I am in a new city and last Shabbat I decided to go to synagogue for services. After looking one up and calling to get the address, I found that it was far from where I was staying. I have no car and depend solely on walking or riding my bike.
Well, I decided to try my bike anyway because it was far, and I thought that a flat tire could never happen... Yeah, right! I got stuck half-way there with a flat tire that I had no idea what to do in the middle of a town I did not know. When finally some people helped me fix it, it was too late for services... Next week I will try to go to services again, but this time with no bike.
The Aish Rabbi Replies:
Actually, bicycles should not be ridden on Shabbat. There are three reasons why:
1) Perhaps one will repair the bicycle, such as a flat tire, or the chain might fall off. There is a concern that the chain might fall off, or the tire might get flat, and one would come to repair the bike on Shabbat. This is would be considered "making the bike anew" on Shabbat, which is one of the creative activities we refrain from on Shabbat. ("Tzitz Eliezer" 7:30)
2) Because of "Uvdin D'Chol," i.e - a weekday activity. (Code of Jewish Law - OC 327, with Mishnah Berurah 7)
3) On a bicycle, it is common to travel a distance further than the "Techum," 2000 cubits outside the city. This is forbidden on Shabbat.
In order to guard against these possibilities, we don't ride bikes on Shabbat.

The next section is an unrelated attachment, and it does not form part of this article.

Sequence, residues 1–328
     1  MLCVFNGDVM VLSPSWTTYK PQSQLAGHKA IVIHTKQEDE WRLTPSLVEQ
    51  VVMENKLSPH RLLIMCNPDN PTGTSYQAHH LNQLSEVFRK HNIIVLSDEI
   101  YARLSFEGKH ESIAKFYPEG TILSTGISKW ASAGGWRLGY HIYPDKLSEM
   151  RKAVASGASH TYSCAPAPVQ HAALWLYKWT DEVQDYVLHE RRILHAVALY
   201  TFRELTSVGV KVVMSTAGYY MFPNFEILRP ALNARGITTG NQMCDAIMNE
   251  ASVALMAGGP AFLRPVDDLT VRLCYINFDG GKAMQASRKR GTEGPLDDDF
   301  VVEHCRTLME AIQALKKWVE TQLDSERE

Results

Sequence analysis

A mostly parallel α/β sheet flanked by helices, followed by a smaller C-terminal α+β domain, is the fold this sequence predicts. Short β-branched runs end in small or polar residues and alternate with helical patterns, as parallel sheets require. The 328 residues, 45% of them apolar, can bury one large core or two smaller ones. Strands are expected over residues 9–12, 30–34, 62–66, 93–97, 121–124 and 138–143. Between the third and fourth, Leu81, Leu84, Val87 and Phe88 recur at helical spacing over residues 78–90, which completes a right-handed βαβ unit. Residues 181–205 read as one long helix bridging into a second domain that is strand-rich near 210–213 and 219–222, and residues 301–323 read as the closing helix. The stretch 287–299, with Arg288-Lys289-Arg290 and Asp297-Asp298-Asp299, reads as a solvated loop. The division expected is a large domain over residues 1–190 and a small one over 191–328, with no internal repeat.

A child's tricycle, which does not have a chain or air-filled tires, and which is not ridden great distances, is permitted on Shabbat.
We named our daughter (now four months) Linor. She is happy and healthy, but her name has always been a source of upset for me. I suffered from terrible post-partum depression, and her name always reminds me of that difficult period. Is there any way we can change her name now, and would that be an appropriate thing to do?
The Aish Rabbi Replies:
Technically, a person is allowed to change or to add to his name for any reason. Customarily, it is not done unless the person is very sick or was given a non-Jewish name at birth.
The reason we general frown on changing a person’s name is because a person’s name is said to define his essence, to describe the sort of person he is and his spiritual strengths. We generally assume that the name a child was granted at birth most accurately defines his person. There is a Kabbalistic notion that at the child’s naming the parents are given Divine inspiration and choose the best name for his soul. (See Divrei Yechezkel HaCahdash 8, Divrei Yatziv Likutim 102, and Teshuvos V'Hanhagos I 604. This is widely quoted from the great Kabbalist the “Ari,” but there is no known source for this.)
Thus, we generally do not change a name lightly – certainly if it’s only a matter of the parents afterwards deciding they like a different name better. Only if the person was never given a Jewish name or if he becomes deathly ill – in which case we want to assign him a new name and mission in life, which may grant him additional years – would we change his name.